Roger Joseph Boscovich


Roger Boscovich, or Ruder Josip Boscovic, was a talented scientist who was an astronomer, diplomat, Jesuit, mathematician, philosopher and physicist. Though he was from what is now Dubrovnik, Croatia he lived his later life in England, France and in Italy. While he was the seventh child of a merchant father, who died when he was only ten years old, his mother had two more children.

By nine years of age, he had mastered reading and writing from a local priest, and was then sent to a Jesuit school where he excelled at his studies. In 1725 he accompanied two priests to Rome where he studied at the Society of Jesus, well known then as it is today for it’s schools.  While there he mainly studied mathematic and sciences and in 1740 became a professor of mathematics there.


While working as a professor at the Society of Jesus, he also continued his own studies and research. He published works on the Transit of Mercury, the Aurora Borealis, earths shape, the inequality of terrestrial gravity, logistic curves, comets, continuity, and designed the ring micrometer, and the fluid filled telescope. In astronomy, he developed the geometric method for finding the equator of a planet in rotation by observing three surface features, and then he developed the method of determining the orbit of a planet based on only three observations of its position. He found the sun’s equator and determined its speed of rotation by observing its sunspots.


He was part of other scientists who were consulted by Pope Benedict XIV on how to secure the cracking dome of St. Peter’s Basilica in Rome. He came up with the solution, which was to place concentric bands of iron around the dome. His contribution helped the pope to decide to remove Copernicus from the List of Forbidden Books in 1757.


In 1745 he published “De Vivibus Vivis” which melded the gravitational theory of Newton and Leibnitz’s metaphysical Monad points (an indestructible entity that is the basic or ultimate constituent of the universe). Boscovich came up with Impenetrability for hard bodies and explained their behaviors in terms of Force instead of Matter. Boscovich believed that more than one point could not occupy the same location at the same time.


He then assisted Christopher Mare in measuring the meridian between Rome and Rimini (A town on the North-East coast of Italy). This was made to test the theory that the Earth was not ellipsoid due to its revolution. This resulted in a publication of a map of the Papal States.


In 1757, Boscovich was sent to Lucca, Italy to negotiate a dispute between the republic of Lucca and the Grand Duke of Tuscany. They were at odds over the drainage of a lake. Boscovich’s diplomatic skills shone as he settled the dispute.
In 1758 Boscovich published his ‘Theory of Natural Philosophy Derived to the Single Law of Forces which exists in Nature’. This contained both his Theory of Forces and his Atomic Theory, postulating the existence of forces between molecules, whose direction and intensity are distance-dependent. Boscovich’s ideas on matter, natural movement, time and space helped define the modern concept of atomic theory.  His works on atomic theory based on Newtonian Mechanics enabled Michael Faraday to develop his theory of electromagnetic interaction, and Albert Einstein reportedly used Boscovich’s atomic theorem for his research into the Unified Field Theory, which he never fully developed.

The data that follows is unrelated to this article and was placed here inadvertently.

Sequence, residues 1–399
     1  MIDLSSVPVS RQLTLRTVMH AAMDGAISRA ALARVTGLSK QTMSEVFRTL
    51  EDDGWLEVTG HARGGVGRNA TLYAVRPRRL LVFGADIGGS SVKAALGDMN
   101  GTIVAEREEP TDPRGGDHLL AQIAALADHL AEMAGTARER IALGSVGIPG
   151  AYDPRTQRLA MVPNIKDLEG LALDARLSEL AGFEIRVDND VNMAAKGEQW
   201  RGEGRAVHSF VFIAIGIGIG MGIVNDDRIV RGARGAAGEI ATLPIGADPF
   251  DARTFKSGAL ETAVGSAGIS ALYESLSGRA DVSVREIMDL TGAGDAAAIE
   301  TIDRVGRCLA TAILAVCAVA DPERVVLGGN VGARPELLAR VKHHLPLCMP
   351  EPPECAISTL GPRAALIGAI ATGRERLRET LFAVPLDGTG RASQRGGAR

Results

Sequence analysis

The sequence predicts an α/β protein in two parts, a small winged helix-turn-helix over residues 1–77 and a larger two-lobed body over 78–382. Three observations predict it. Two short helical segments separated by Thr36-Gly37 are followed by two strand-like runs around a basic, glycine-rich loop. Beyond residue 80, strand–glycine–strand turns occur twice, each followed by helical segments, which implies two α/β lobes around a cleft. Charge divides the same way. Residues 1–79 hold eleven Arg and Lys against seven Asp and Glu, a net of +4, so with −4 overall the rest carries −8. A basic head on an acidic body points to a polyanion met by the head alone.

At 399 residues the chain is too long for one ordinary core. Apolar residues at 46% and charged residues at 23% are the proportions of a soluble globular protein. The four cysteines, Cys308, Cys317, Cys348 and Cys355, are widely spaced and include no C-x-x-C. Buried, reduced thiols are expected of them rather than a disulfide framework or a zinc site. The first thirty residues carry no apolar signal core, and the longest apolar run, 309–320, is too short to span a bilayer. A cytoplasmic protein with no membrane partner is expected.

In 1759 he journeyed to France where he became a member of the French Royal Academy of Sciences. While there, he gave diplomatic talks for Dubrovnik to the French Court in Versailles. As a result, Boscovich was sent to England in 1760. Within 7 months in England, he learned English well enough to read and write scientific papers. He was sent to London to act as an ambassador on special mission to set straight the assertion of England that warships were being built by France in Dubrovnik. If true, this would have been a violation of the neutral status Dubrovnik held at that time. Not only did his diplomacy shine again in England, but he was also elected a fellow of the Royal Society, a society for science founded in 1660.


In 1761 he traveled across Europe on a scientific study based on observing the transit of Venus. He eventually made it to St. Petersburg where he was honored with the election as a member of the St. Petersburg Academy of Sciences (Now the Russian Academy of Sciences). In 1764 he became Chair of Mathematics at the University of Pavia, Italy, where he also served as the director of the Observatory of Brera in Milan, Italy. 


Over his career, Boscovich seemed to make more than a few enemies and he was eventually removed from his position at Pavia and Milan in 1773. He then accepted a position with King Louis XV of France to be the Director of Optics in Paris for their navy, where he stayed for 10 years. While in Paris, he developed his method of determining the orbits of comets based on three observations, and his designs of micrometers and telescopes.  


In 1783 he returned to Italy and had published his ‘Works Pertaining to the Optics of Astronomy’ in 1785. He moved once again to Brera in 1786 where he was again a professor. He died in Milan in 1787. During his travels, he remained in contact with his family in Dubrovnik, writing them in his native language and sending them poetry written in Latin.